The Deadly Side of Everest
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To start any article on climbing deaths, it must be said that everydeath is devastating to family and friends and should never be takenlightly. I have helped bury climbing partners on high peaks and neverwish that experience on anyone.
Sadly, mountaineering often receives mainstream media attention onlywhen someone dies and especially on Everest. This was never more truethan during the 1996 season when eight people were killed in a storm andthen in 2006 when another 12 died while climbing. According to EberhardJurgalski's 8000ers.com website, there have been about 4,024 summits since 1922 with 218 deaths, or a 5.4% fatality rate.
Since 1990, the deaths have dropped to 4.4% due to better gear,weather forecasting and the availability of more rescue resourcesdue to an increase of climbers on the mountain. In 2009, about 281 people made itfrom the south and 60 from the north. There were five deaths. A record 500people summited in 2007 evenly split between both sides, again with fivedeaths.
I wanted to examine the true statistics behind Everest in the past decade and looked to 8000ers.comfor some facts. Based on Jurglaski's tables, the north side fatality rate ismore than 2:1 over the south, with falls, altitude issues and exhaustionnoted as the primary reasons. The difference is even more extreme whenthe deaths of nine south side Sherpas are taken from the total, making theratio of “member or client” climber deaths from north to south 8:1.Here is the summary:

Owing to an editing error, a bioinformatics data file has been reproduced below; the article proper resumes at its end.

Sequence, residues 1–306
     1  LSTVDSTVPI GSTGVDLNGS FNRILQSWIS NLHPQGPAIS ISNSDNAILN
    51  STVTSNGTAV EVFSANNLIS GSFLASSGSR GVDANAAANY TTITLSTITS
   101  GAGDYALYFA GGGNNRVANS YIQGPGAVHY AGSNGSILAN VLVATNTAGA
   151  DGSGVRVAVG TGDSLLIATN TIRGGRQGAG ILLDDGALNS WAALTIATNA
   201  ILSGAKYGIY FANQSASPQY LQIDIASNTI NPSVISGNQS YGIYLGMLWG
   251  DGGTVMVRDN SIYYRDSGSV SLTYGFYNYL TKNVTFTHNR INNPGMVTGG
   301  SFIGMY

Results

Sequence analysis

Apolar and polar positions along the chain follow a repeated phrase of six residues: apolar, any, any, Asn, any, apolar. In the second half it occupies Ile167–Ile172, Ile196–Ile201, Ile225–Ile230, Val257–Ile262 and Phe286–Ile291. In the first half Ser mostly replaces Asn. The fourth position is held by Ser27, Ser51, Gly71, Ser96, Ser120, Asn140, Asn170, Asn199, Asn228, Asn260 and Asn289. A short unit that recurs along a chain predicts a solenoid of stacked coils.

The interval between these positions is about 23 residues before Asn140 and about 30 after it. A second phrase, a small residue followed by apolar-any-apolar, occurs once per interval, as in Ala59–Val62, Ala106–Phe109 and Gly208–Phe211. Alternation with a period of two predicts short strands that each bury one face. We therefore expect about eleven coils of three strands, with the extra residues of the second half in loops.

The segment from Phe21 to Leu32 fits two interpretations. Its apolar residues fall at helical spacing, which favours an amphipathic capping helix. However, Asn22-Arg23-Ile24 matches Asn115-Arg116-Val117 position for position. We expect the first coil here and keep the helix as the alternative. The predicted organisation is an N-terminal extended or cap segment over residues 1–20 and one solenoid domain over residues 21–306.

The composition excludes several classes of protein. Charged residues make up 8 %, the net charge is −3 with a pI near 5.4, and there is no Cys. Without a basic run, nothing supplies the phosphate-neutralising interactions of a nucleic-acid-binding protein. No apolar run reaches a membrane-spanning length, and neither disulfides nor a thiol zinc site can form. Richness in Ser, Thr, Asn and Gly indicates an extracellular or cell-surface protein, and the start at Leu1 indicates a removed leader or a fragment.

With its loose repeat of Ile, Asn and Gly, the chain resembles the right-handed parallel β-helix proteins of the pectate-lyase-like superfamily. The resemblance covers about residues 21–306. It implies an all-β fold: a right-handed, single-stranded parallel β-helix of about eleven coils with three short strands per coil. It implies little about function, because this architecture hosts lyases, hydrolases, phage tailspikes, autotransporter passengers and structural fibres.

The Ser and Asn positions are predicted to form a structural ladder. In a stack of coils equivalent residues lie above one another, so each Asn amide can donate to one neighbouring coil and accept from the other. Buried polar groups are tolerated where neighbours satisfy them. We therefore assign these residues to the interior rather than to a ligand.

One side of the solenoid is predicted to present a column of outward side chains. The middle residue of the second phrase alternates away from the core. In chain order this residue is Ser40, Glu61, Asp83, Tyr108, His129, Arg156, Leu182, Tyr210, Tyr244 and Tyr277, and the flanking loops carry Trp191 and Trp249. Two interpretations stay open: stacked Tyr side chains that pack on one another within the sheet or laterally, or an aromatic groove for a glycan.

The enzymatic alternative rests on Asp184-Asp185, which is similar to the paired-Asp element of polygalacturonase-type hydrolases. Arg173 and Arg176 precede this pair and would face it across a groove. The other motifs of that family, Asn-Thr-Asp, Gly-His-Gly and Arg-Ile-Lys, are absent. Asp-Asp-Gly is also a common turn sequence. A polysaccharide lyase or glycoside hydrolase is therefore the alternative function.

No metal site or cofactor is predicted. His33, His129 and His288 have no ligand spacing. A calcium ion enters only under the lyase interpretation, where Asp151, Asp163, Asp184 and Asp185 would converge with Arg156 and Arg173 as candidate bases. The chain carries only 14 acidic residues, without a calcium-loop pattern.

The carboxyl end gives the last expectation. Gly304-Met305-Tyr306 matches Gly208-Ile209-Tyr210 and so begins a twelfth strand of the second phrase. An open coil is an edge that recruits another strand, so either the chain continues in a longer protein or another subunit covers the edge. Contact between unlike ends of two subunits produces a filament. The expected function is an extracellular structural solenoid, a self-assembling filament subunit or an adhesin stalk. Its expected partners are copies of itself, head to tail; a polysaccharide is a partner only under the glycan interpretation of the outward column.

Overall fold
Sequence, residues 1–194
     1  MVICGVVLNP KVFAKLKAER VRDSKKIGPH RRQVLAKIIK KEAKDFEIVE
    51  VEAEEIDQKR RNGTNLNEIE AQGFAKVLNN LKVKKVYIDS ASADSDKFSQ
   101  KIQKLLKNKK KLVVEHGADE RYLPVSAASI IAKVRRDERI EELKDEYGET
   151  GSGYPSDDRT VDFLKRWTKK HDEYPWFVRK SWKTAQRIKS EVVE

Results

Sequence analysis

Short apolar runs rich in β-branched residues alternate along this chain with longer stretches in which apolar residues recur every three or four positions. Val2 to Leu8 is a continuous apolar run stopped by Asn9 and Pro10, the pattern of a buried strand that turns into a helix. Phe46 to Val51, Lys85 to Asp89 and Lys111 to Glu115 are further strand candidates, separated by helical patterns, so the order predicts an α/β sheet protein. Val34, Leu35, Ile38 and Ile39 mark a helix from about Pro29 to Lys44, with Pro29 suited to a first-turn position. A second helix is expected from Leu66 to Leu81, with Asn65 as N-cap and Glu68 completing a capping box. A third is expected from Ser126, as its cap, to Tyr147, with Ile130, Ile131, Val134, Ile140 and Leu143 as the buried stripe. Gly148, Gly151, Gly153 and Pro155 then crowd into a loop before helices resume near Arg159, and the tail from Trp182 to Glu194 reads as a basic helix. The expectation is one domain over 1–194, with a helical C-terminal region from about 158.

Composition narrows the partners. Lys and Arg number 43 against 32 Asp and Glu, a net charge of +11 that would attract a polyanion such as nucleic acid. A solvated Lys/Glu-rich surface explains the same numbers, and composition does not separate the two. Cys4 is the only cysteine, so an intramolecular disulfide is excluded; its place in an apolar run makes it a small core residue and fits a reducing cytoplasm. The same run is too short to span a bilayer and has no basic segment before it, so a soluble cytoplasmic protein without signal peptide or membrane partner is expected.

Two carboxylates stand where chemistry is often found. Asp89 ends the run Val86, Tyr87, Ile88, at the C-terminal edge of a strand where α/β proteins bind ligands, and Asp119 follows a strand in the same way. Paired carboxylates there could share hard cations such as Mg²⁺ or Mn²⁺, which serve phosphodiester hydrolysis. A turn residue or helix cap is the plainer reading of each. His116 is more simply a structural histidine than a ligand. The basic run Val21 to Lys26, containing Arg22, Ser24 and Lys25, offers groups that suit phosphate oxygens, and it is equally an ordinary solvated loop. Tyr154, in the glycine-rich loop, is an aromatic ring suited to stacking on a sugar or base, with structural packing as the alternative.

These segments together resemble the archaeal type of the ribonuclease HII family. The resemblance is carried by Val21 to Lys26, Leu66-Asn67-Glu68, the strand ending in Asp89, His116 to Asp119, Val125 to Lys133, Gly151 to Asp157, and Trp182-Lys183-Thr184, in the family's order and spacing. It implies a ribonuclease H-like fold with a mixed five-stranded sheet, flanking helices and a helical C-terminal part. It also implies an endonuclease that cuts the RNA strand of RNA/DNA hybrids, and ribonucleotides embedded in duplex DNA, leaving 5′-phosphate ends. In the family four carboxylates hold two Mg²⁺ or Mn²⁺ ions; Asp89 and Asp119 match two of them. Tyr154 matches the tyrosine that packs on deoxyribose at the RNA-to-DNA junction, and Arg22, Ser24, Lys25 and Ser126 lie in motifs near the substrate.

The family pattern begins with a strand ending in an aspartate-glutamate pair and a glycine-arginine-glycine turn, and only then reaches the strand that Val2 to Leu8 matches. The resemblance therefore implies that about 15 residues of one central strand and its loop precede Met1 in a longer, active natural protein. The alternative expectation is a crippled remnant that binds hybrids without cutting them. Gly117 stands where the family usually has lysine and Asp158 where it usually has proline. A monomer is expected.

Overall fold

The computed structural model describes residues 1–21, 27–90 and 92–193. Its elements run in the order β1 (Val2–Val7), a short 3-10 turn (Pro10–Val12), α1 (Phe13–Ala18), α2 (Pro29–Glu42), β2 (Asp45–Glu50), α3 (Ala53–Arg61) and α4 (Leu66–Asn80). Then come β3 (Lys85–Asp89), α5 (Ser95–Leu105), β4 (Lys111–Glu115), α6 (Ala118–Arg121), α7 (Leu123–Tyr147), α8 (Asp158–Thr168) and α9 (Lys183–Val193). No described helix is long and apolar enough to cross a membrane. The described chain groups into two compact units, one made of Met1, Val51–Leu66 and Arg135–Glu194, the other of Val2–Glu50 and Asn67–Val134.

||North Ridge Route
||South Col Route
That the north side death rate is higher is not a big surprise. Thenorth is traditionally considered slightly more dangerous given theexposure to the cold and harsh winds plus the technical nature of theSteps and exposed rock on the summit ridge.
Due to lower costs, more independent climbers are on the north, and theysometimes find themselves alone in the event of a problem. Also, itseems that less climbers use supplemental oxygen on the north, which also can accelerate altitude issues especiallyin the harshest of conditions.
However, there is no strong correlation between deaths ofindependent climbers vs. climbers on commercial expeditions. Finally,with the exception of 2005 through 2007, the south has hadsignificantly more climbers thus more rescue resources in the event ofa problem. Traditionally, commercial operators focused on the southfielded more Sherpas.
As far as nationalities, the Nepalese Sherpas suffer the most with10 of the 53 deaths this decade. Almost all of their deaths on the south side occurred due tofalls, avalanches and crevasse accidents. Six South Korean climbers havedied but no other single nationality has more than four deaths in the pastdecade. As far as operators, no one company stood out since themajority of the non-Sherpa deaths occurred to climbers on private nationalclimbs, large shared permits or those climbing independently.
I am often asked which side is safer and my answer is pick yourpoison. The south has the Khumbu Icefall and the north has the Stepsand weather. However these numbers clearly show the north takes astronger toll. But the real story is the role and impact on the unsungheroes – the Sherpas.
Arnette is a speaker, Mountaineer and Alzheimer's Advocate. You can read more on his site.